Post 6 is content-heavy. Further aggravating readability, the subject matter is complicated and abstract, which challenges clarity to see how the parts are gathering together as a whole. It is challenging to feel comfortable in a big forest with diverse flora and fauna.
The first section, Awareness and Creation out of Destruction, clarifies that the goals set out in Post 1 were met by seeding awareness to create the required focus and shift in values to support God’s Alternative that restores the RELATIONSHIPS. See Post 3 and 4 for details of these RELATIONSHIPS.
The second section, Individual Hope vs. Collective Hope, reveals money’s spiritual application, which is the individual’s goal of soul salvation. God uses money and RELATIONSHIPS as the context to test Man’s soul to save the soul. This section explains the nature of spirit, soul, and body salvation to avoid confusion among them. This section also describes how the new covenant’s soul salvation is different and more valuable than the old covenant in-terms of approach and outcomes.
The third section, Soul Salvation and Money, offers why soul salvation is essential to fulfilling God’s and Man’s core interest.
I found Post 6 very challenging to narrate compared to the other posts. It is foreseeable that Post 6 will evolve as a live document to reflect these challenges.
Awareness and Creation out of Destruction
Post 1 mentioned that this series has 2 goals. It will be helpful to see how the previous 5 posts have supported these 2 goals.
The 1st goal mentioned in Post 1; These series create awareness of the deceptive relationship with money. Man can avoid the eternal consequences that the current norms bring.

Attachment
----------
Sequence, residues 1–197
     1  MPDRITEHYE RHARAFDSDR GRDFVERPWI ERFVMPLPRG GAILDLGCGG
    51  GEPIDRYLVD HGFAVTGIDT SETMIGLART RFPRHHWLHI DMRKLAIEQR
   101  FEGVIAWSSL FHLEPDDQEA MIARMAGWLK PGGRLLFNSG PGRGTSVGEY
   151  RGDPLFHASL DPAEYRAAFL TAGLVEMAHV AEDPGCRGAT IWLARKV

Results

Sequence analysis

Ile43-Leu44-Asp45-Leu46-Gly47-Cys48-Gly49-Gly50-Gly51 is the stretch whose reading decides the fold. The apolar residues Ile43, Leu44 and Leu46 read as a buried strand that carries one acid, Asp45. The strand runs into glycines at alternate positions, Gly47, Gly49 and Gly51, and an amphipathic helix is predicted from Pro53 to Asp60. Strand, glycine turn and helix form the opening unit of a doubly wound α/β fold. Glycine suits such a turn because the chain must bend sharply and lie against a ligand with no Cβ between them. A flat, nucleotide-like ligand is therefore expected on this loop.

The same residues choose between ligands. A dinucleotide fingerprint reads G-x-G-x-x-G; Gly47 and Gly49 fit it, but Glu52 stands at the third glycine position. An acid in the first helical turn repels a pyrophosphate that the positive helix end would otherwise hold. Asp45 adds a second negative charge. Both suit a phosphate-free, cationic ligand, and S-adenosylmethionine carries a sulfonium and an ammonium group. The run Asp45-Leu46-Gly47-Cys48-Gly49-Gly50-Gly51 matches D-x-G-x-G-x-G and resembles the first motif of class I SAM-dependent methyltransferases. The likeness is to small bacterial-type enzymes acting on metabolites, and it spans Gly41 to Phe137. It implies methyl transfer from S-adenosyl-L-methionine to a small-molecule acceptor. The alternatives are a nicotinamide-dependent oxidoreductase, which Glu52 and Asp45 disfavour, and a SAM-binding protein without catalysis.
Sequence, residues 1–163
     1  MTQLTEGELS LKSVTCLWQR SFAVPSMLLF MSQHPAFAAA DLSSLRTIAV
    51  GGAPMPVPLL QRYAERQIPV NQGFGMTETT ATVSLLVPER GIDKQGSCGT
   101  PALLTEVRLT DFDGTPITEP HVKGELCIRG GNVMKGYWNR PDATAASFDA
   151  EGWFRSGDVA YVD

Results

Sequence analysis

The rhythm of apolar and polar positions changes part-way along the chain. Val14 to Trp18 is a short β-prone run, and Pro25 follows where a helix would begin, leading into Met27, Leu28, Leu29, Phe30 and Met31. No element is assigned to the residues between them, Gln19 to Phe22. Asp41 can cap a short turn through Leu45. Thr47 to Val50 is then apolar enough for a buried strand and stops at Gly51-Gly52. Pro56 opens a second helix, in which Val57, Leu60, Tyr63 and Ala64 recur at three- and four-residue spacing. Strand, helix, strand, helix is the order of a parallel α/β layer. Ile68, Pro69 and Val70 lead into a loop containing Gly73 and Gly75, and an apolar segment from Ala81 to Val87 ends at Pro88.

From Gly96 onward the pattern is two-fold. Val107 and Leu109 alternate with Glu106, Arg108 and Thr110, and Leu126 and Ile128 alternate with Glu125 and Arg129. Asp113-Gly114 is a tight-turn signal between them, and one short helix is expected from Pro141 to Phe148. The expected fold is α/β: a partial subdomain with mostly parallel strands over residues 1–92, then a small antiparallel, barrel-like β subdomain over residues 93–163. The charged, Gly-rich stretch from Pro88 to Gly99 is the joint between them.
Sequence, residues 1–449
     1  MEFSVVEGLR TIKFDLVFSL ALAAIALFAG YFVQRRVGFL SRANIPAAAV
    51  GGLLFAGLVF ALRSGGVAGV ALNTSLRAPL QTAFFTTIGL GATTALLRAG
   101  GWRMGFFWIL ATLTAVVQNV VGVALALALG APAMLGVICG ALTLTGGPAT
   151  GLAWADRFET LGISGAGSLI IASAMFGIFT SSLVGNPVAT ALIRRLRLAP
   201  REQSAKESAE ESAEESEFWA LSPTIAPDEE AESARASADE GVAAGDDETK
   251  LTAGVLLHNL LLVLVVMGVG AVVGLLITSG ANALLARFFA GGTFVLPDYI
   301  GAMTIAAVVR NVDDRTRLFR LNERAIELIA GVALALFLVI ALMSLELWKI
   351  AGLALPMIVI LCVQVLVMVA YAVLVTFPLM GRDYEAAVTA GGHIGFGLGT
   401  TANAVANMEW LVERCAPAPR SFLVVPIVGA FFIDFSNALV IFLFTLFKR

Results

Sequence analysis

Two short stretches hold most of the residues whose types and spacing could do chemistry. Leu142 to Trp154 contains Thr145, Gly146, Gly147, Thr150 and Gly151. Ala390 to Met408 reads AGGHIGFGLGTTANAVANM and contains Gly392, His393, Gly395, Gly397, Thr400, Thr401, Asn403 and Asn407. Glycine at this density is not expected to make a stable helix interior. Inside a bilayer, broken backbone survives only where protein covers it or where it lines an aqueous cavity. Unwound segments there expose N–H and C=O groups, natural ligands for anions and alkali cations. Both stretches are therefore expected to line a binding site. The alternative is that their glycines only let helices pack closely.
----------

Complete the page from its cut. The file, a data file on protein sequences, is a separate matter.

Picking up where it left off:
In-summary Posts 1 to 5 have shown that, instead of focusing on the RELATIONSHIPS, Man has created surrogates, such as money, to substitute the RELATIONSHIPS God offered. Men find comfort through these surrogates to free themselves from the worry of the future and provide a sense of purpose and meaning on earth, albeit temporal, hedonic, and suffer marginal utility. Man’s choices carry the weight of eternal consequences.
This new awareness seeds new realizations. This seeding is possible because awareness sifts the chaff of Man’s realities from God’s. For the chaff has deceived Man’s senses with an apparent value that’s temporal and pleasure-seeking, diminishing the eternal value of RELATIONSHIPS.
The clarity of this awareness helps Man to look away from future worries and focus on God’s promise to provide for their future needs.
This approach draws from the same truth of the parable of the sower in Mat13. These series are sowing seeds in the heart of readers.
The 2nd goal mentioned in Post 1; This series supports the Christians’ walk to break out from the world economic system’s mold. It is making stronger connections between scripture, societal stance, and personal practical application.
In-summary Posts 1 to 5 have shown that surrogates dominate Man’s relationships through institutionalization, affecting the secular, religious, and personal domains. These institutionalized relationships being bureaucratic and social, are transactional and profit-seeking.
Breaking the existing mold supports the shift from what the heart used to value, which is the temporal pleasures of this world, but instead to appreciate the eternal rewards and divine glory. Often money is the means to attain these temporal values. Likewise, God uses money as the context for achieving His alternative to restore Man’s broken RELATIONSHIPS.
This idea of creation emerging from Destruction is original with God (John12:24).
However, Post 5 ended on a despairing note of the unavoidable Age of acute mortality of Mat24:7 and Luke21:10-11, naturally posing the question – Why may one ask, what is the purpose of this Christian and Money Series since the bitter end appears inevitable?
Individual Hope vs. Collective Hope
Notwithstanding the grim events of Mat24:7, this new focus and shift in values are the foundations to support SOUL salvation, which is the spiritual application of money. It is needful to recognize that soul salvation is an individual experience and not for collective humanity.
Humanity lacks the collective will to change its current trajectory of self-harm and destination of self-destruction. Therefore, humanity foreseeably continues to meander in its self created domain of darkness.